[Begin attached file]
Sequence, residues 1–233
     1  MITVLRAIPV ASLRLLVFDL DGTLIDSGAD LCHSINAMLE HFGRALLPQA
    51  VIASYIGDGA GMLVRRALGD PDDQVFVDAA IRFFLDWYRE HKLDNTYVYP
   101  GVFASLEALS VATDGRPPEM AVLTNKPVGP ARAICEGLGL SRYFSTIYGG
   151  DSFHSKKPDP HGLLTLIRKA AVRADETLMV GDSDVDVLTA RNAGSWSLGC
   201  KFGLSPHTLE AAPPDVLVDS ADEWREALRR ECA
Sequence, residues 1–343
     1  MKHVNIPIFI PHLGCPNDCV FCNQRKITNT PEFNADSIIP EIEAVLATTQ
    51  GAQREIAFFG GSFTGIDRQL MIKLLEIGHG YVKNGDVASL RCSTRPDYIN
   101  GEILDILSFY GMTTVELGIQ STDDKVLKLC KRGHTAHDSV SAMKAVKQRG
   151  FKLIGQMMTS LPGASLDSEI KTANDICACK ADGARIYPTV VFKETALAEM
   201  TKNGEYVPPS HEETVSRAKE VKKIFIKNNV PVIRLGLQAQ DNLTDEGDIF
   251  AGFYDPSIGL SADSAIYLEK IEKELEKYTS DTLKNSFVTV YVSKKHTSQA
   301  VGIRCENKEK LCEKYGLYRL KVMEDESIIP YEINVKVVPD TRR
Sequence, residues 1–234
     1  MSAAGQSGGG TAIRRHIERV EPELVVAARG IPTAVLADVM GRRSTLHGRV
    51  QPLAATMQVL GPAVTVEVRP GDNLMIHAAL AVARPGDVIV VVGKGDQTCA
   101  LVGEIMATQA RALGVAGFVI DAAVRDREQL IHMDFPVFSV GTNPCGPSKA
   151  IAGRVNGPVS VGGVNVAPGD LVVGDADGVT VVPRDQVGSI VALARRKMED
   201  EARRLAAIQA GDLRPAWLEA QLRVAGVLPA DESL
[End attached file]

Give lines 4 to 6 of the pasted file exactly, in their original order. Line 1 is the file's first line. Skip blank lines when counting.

   101  GVFASLEALS VATDGRPPEM AVLTNKPVGP ARAICEGLGL SRYFSTIYGG
   151  DSFHSKKPDP HGLLTLIRKA AVRADETLMV GDSDVDVLTA RNAGSWSLGC
   201  KFGLSPHTLE AAPPDVLVDS ADEWREALRR ECA